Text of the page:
Improv and the workplace may seem like archenemies. But inside every zany performance, there are some serious life lessons that will reframe how you think about thinking itself. In improv, there is no preparation allowed — everyone is keyed up to perform on the spot. And that mindset “makes you happy in a way that a lot of other things do not,” says Nishit Tewari, a teacher at San Francisco’s EndGames Improv. “It can’t completely transform your life. But it can show you a direction to get there.” We sat down with Tewari to learn ways you can apply that same flavor of improv-induced happiness in one of the places you least expect — the office.
Make fun a bigger part of your life
Improv does something special to both the audience and the performers: it creates a space where people feel free enough to turn on their truest selves. And that authenticity is what unblocks many barriers to happiness. “For me, doing improv comes from a place of having fun and experiencing that fun with other people,” Tewari says. When you spend more time on having fun, your world suddenly tilts. It gives you permission to do more of the things you love and less of the things you don’t. That permission “changes you forever,” Tewari says. “You just start treating everything as more important.”
Your first reaction should be “yes”
This three-lettered word is where acceptance lives. “We’re constantly improvising, constantly exploring things,” Tewari tells us. “And saying ‘yes’ means agreeing to that exploration.” Responding with an instant affirmative also shows that you acknowledge someone’s idea — and believe in them so much that you’re going to build on it. When you make openness a reflex, you have a higher likelihood of uncovering greatness. That mindset also helps you stay focused on the real purpose of things. For example, let’s say you’re going back and forth with someone about picking a place to meet up. Really, you just want to get together. Quickly saying “yes” allows you to remember what matters so you can move the scene forward. “‘Yes allows you to see where things can go,” Tewari says.
Make others look good
Improv is teamwork in its purest form. Success is never about the individual — it’s all about the team. “You have to coach people to take chances and support other people’s chances. And the more you support people, the more it will push you to take chances of your own.” That symbiotic relationship gets stronger the more you back your team. Perhaps you start performing and lose track of where you’re going. It’s the team’s responsibility to salvage the situation by either introducing a new scene or doing more with your idea. If there’s an interesting character or situation, your teammates can volley ideas back and take it somewhere new. “If someone made a choice, see if you can find agreement with it. Then, find the same excitement they had.”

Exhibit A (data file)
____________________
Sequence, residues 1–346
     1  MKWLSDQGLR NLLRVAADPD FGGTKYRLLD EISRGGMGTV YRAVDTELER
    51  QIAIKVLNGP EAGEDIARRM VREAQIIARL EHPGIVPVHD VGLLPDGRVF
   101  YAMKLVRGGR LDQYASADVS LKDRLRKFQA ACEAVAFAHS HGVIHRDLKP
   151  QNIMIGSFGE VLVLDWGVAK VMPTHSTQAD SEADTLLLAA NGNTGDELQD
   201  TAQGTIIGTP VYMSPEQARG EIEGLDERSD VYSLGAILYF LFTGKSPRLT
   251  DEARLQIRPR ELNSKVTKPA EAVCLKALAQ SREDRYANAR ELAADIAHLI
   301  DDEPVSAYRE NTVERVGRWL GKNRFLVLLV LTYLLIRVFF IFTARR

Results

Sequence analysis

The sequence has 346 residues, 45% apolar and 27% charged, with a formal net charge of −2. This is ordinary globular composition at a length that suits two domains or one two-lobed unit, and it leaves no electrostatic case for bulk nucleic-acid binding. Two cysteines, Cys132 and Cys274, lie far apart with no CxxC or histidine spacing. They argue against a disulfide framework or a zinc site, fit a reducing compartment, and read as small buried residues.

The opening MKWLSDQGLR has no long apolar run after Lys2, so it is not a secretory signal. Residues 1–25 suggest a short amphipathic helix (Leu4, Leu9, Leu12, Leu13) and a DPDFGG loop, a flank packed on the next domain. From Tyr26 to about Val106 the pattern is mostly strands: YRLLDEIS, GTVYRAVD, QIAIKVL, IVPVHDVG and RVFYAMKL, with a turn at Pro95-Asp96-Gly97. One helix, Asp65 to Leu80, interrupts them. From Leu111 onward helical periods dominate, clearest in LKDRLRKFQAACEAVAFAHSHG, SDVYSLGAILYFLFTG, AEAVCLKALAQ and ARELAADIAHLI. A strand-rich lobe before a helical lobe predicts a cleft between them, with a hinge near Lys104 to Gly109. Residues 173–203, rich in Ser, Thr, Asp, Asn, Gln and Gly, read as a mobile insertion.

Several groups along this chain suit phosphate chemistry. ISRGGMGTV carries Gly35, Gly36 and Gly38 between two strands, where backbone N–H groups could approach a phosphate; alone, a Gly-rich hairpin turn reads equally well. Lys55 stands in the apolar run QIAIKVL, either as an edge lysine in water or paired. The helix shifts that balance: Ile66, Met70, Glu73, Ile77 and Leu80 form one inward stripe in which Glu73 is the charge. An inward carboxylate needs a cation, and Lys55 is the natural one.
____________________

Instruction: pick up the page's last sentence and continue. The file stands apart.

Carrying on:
Create a culture of acceptance
A great performance is born from acceptance. “If you have a group that’s comfortable with each other, you can do anything,” Tewari says. But to get there, you have to shed your fear of fear itself. Put yourself in situations that enable your group’s safety net to materialize. Tewari says that as a teacher, it’s his job to go out on a limb so his class can see that whatever they do, they’ll always be supported by the team. “If you’re not in that safe space, nothing great will happen.” Tewari says one way to ramp up the acceptance level on your team is to remember that everyone actually wants you to succeed. The real judgment is always within ourselves. Our natural inclination is to protect people when we’re fearful of the same thing. “Once people know that you’re taking a chance, they’re naturally on your side.”
Toss out the filter
To play your best ideas, you have to “play a version of yourself,” Tewari tells us. And throwing away your filter is how your best ideas are able to see the light of day. One tactic for getting out of editing mode is to put yourself in conversation mode. Wherever you are, try to have a normal conversation — whether you’re talking to an audience of zero or a thousand. When we’re in that flow, we’re just saying what we know and how we feel about things. “There’s no thinking involved.” That honesty allows us to commit to being truly present. If you have trouble flicking off the self-censoring switch, Tewari suggests exploring what the worst-case scenario would be. In improv, the worst thing that can happen is that the audience might not think you’re funny. It’s a temporary phase, and there’s always another chance to improve.
Thinking like an improviser lets you bask in possibility. The show is happening now. There’s no rehearsal, and you don’t need to be afraid. In the end, Tewari says, improv is about learning how to be comfortable with yourself so you can bring out that same ease in others. It comes down to two people saying to each other, “I can take a chance and support you, and together we can make sense of it all.”